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Partial derivative

  1. Mar 19, 2009 #1
    1. The problem statement, all variables and given/known data
    what s the wrong with the following arguments
    suppose that w=f(x,y)and y=x^2
    by the chain rule
    (for partial derivative )
    Dw/Dx=(Dw/Dx)( Dx/Dx)+(Dw/Dy)(Dy/Dx)=Dw/Dx+2x( Dw/Dy)
    hence 2x( Dw/Dy)=0 ,and so Dw/Dy=0




    2. Relevant equations



    3. The attempt at a solution
    i think the argument is not right because we can not write Dx/Dx and w has the relationship with x and y ,so we don't need to use Dy/Dx Dx/Dx to get x ,we can do it directly
    is there any counterexample ?
     
    Last edited: Mar 19, 2009
  2. jcsd
  3. Mar 19, 2009 #2

    Mark44

    Staff: Mentor

    You can't write dw/dx because f is a function of two variables. The derivatives you have to work with are
    [tex]\frac{\partial w}{\partial x}[/tex]
    and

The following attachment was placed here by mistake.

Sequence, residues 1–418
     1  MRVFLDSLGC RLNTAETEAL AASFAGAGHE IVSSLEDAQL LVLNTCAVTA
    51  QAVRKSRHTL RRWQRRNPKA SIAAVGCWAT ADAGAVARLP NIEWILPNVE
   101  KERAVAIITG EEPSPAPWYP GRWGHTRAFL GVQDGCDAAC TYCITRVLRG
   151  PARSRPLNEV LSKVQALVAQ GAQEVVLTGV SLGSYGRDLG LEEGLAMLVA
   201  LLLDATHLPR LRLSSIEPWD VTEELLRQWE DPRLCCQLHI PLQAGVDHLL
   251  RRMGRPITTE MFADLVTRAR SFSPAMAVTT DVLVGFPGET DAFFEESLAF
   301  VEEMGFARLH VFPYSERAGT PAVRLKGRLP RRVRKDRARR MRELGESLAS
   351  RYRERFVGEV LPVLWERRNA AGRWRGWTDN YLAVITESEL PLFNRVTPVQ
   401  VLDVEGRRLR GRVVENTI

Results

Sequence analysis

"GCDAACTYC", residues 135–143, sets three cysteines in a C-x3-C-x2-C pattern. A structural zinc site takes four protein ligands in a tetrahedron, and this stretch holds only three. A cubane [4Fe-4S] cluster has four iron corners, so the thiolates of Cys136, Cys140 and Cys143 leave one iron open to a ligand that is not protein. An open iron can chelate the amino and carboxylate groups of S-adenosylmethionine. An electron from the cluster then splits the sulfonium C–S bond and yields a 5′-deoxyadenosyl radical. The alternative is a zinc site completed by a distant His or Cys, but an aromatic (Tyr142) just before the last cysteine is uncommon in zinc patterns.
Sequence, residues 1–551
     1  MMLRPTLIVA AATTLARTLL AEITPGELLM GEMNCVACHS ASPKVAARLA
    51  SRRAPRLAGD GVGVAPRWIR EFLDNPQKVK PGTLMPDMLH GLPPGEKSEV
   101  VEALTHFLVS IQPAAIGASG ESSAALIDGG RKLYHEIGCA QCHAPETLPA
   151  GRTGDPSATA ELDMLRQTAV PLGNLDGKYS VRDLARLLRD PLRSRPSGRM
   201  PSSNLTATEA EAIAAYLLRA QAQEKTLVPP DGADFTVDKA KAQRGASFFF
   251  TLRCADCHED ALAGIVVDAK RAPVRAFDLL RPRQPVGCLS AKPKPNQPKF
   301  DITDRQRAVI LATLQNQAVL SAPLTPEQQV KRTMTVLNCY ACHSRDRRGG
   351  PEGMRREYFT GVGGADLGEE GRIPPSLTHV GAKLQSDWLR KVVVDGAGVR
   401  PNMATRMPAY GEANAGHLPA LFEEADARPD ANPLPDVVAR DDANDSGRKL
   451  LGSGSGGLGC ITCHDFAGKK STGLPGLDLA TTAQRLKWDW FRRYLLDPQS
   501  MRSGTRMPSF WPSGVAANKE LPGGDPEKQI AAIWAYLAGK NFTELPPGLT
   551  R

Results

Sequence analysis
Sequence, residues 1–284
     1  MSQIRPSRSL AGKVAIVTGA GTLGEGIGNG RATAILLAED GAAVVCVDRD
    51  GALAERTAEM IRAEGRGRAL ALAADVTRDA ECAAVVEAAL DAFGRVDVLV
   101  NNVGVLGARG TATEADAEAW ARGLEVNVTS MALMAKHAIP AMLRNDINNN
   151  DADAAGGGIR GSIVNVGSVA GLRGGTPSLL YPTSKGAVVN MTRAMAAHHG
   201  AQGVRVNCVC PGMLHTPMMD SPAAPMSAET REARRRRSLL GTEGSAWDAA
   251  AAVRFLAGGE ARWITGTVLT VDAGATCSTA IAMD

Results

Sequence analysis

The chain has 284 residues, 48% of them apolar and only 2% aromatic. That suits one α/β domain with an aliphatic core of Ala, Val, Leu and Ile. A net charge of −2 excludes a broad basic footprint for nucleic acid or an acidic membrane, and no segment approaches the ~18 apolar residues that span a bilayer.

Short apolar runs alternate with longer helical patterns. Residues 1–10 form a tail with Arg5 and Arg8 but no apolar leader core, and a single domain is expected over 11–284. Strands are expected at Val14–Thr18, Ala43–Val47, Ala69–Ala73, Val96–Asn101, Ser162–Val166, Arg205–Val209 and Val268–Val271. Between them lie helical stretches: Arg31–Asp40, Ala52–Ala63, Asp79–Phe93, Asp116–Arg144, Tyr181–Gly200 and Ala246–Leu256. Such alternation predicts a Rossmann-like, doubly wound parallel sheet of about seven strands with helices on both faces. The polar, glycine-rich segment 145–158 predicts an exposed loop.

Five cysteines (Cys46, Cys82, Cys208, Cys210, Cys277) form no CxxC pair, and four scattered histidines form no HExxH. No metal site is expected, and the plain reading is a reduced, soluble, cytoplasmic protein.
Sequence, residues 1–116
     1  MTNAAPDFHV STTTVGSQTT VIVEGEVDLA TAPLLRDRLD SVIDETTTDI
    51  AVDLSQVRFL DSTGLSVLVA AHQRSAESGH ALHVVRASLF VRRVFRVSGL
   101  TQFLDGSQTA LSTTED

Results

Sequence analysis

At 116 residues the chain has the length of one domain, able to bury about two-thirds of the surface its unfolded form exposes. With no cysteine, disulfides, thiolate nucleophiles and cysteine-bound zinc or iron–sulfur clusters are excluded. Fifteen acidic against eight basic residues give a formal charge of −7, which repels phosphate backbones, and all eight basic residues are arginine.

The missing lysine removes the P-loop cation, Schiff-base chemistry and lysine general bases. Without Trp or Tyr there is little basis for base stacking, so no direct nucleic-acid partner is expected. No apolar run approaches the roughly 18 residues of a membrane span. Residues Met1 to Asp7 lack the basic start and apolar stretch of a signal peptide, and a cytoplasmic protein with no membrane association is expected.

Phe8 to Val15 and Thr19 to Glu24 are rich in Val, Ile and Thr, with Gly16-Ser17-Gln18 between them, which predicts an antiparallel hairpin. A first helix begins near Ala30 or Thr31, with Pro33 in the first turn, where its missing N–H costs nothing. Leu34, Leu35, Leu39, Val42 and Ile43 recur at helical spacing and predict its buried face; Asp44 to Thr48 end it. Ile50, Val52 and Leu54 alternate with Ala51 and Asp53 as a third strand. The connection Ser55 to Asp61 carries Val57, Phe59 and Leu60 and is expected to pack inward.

[tex]\frac{\partial w}{\partial y}[/tex]

    I don't see that it makes any difference that y happens to be equal to x^2. If both x and y were functions of a third variable, say t, then you could talk about dw/dt, but to get it you would still need both partial derivatives and would need to use the chain rule.
     
  4. Mar 19, 2009 #3
    all of them are partial derivative ,because i don't know how to type the symbol for partial derivative
     
  5. Mar 19, 2009 #4

    Mark44

    Staff: Mentor

    I can't see any justification for expanding
    [tex]\frac{\partial w}{\partial x}[/tex]
    the way you did. Certainly
    [tex]\frac{\partial w}{\partial x} = \frac{\partial w}{\partial x} \frac{\partial x}{\partial x}[/tex]
    since the latter partial derivative is 1, but I don't see any way that you can add all the other stuff (i.e., the other partials).

     
  6. Mar 19, 2009 #5
    the problem is that i have to prove the argument is false
     
  7. Mar 19, 2009 #6

    Mark44

    Staff: Mentor

    Come up with a counterexample for which the statement isn't true. Pick a function of two variables f(x, y), such as f(x, y) = 3x + 2y, where y = x^2.
     
  8. Mar 19, 2009 #7
    thx for your help
     
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